Ancient Monuments

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Pwll Du Limestone Quarry & Water Balance Lift

A Scheduled Monument in Llanfoist Fawr (Llan-ffwyst Fawr), Monmouthshire (Sir Fynwy)

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Latitude: 51.7974 / 51°47'50"N

Longitude: -3.0872 / 3°5'13"W

OS Eastings: 325123

OS Northings: 211534

OS Grid: SO251115

Mapcode National: GBR F2.XYPN

Mapcode Global: VH79C.F2SX

Entry Name: Pwll Du Limestone Quarry & Water Balance Lift

Scheduled Date: 18 July 1997

Source: Cadw

Source ID: 3152

Cadw Legacy ID: MM225

Schedule Class: Industrial

Category: Industrial monument

Period: Post Medieval/Modern

County: Monmouthshire (Sir Fynwy)

Community: Llanfoist Fawr (Llan-ffwyst Fawr)

Traditional County: Monmouthshire


The monument comprises the remains of limestone quarry workings and a water-balance lift dating to the early 19th century. Pwll Du is an exceptionally well-preserved example of a 19th century limestone quarry that contains multiple features of importance. The most significant is the rare water-balance lift shaft in the S corner of the quarry, which raised loaded limestone wagons from the quarry floor to the tramroad at the top. The shaft is cut vertically through the limestone to a horizontal tunnel at the base that leads to the quarry floor. The upper section of the shaft comprises a stone built square structure built into the hillside. A roughly rectangular pond, 150m long and 25m wide, located to the S of the balance lift would have supplied it with water. The route of Hill's Tramroad, leading from Garn Ddyrys to Pwll Du, follows the top of the quarry, and a branch leads off it into the middle quarry levels. The base of the quarry contains complex patterns of spoil and the remains of several structures related to the working of the site. The quarry was already well-developed by 1819, with its face in a similar position to the present, but had closed by 1860. Ownership of the quarry was split between Walter Lewis and Lord Abergavenny, but it was operated by Walter Lewis.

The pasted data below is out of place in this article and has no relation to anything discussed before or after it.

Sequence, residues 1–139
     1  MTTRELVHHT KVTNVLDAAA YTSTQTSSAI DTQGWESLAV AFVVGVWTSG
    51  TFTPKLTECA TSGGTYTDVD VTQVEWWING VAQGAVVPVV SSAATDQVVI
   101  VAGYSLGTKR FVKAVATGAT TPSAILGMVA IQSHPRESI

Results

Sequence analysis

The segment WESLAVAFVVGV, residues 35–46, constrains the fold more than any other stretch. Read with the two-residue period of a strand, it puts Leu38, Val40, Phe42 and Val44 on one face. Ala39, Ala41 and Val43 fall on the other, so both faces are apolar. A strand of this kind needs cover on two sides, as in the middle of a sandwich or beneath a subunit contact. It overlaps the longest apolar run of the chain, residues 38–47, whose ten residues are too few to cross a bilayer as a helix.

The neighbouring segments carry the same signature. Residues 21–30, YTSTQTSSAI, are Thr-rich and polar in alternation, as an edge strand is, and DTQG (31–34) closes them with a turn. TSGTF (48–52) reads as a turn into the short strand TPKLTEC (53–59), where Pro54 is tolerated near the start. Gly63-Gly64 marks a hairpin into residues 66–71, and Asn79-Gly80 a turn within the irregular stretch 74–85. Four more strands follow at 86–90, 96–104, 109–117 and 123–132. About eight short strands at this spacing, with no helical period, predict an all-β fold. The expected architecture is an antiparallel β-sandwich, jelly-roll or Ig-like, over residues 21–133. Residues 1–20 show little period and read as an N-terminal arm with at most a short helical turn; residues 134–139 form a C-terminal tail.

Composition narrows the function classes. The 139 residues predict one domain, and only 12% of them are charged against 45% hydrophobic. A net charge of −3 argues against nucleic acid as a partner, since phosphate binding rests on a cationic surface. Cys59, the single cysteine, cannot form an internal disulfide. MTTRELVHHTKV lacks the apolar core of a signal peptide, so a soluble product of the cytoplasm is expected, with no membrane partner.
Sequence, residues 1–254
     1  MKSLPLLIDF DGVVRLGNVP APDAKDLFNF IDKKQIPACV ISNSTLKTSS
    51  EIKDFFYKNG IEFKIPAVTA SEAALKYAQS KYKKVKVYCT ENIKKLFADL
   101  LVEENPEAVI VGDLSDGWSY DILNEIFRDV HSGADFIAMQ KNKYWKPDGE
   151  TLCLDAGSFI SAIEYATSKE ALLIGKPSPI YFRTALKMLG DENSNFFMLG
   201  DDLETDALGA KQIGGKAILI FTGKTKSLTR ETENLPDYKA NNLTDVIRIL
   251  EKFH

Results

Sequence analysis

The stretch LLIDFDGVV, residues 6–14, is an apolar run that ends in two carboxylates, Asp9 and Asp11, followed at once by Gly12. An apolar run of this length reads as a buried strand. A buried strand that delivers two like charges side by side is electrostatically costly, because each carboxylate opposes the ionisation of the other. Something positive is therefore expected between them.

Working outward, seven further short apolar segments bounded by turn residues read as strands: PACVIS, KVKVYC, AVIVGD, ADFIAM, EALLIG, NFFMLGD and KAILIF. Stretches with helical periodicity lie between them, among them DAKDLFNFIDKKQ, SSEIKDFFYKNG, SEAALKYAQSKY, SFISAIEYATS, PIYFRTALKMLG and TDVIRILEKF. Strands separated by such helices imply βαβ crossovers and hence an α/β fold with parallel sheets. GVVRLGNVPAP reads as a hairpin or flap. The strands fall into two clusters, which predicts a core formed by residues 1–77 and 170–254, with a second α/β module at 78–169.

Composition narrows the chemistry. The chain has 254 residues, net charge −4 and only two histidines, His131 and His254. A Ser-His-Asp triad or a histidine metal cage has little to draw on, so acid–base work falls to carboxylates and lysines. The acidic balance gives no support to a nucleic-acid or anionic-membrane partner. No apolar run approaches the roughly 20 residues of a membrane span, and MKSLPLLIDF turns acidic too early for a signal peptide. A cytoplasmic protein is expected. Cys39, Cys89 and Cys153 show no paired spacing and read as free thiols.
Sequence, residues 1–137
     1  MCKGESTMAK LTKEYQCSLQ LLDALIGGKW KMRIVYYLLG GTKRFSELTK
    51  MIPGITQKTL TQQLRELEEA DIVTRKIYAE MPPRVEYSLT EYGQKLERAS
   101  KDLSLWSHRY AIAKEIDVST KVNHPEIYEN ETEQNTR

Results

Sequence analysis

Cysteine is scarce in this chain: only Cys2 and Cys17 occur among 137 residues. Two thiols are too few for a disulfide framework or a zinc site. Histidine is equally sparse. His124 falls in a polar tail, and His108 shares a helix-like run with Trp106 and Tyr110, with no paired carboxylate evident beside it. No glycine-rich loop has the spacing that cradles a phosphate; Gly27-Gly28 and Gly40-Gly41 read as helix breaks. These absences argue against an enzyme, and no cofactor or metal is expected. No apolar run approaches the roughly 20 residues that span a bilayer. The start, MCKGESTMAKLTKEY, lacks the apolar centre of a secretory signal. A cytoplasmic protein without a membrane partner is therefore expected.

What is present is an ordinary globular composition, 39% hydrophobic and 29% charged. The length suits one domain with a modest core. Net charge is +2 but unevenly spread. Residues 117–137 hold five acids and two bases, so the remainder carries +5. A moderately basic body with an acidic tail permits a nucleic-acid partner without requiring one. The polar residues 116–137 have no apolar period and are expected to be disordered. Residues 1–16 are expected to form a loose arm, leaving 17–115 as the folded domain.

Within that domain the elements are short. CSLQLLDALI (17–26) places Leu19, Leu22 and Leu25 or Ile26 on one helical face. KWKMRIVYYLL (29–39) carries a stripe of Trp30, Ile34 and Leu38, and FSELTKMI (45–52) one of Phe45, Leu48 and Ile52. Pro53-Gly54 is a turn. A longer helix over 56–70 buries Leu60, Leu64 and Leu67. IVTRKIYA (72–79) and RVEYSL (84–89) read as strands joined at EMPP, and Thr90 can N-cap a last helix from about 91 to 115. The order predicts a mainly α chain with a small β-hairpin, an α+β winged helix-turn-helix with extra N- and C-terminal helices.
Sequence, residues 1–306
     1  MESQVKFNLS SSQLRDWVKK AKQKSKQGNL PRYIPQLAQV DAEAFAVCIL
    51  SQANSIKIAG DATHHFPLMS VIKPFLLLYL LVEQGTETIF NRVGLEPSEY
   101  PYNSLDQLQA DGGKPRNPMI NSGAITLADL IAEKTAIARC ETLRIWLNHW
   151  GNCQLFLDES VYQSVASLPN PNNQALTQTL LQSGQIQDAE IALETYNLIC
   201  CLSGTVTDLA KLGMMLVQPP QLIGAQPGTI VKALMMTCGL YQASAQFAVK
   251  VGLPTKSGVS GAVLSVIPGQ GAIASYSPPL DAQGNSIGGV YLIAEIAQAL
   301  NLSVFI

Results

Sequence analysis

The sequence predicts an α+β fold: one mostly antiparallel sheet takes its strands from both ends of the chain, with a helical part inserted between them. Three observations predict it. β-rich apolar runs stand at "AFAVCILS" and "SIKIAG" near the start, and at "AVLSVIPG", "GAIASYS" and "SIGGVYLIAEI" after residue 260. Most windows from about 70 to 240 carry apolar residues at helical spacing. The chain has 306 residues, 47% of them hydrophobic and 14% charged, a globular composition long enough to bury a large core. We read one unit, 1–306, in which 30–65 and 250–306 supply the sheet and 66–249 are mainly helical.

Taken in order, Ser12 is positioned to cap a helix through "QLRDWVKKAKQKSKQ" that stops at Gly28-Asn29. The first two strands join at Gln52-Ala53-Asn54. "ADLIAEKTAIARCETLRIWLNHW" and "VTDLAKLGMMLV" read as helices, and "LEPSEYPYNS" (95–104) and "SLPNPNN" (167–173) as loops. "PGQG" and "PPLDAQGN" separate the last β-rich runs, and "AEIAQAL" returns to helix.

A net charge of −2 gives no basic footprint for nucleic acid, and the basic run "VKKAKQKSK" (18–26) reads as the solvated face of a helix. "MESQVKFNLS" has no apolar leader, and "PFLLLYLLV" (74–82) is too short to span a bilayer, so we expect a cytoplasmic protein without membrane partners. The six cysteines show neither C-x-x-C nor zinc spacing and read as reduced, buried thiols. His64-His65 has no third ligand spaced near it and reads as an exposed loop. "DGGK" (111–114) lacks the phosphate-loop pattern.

The monument is of national importance for its potential to enhance our knowledge of quarrying in the industrial period. The quarry may be expected to contain archaeological information in regard to chronology, mining techniques and functional detail. A quarry may be part of a larger cluster of industrial monuments and their importance can further enhanced by their group value.

The scheduled area comprises the remains described and areas around them within which related evidence may be expected to survive.

Source: Cadw

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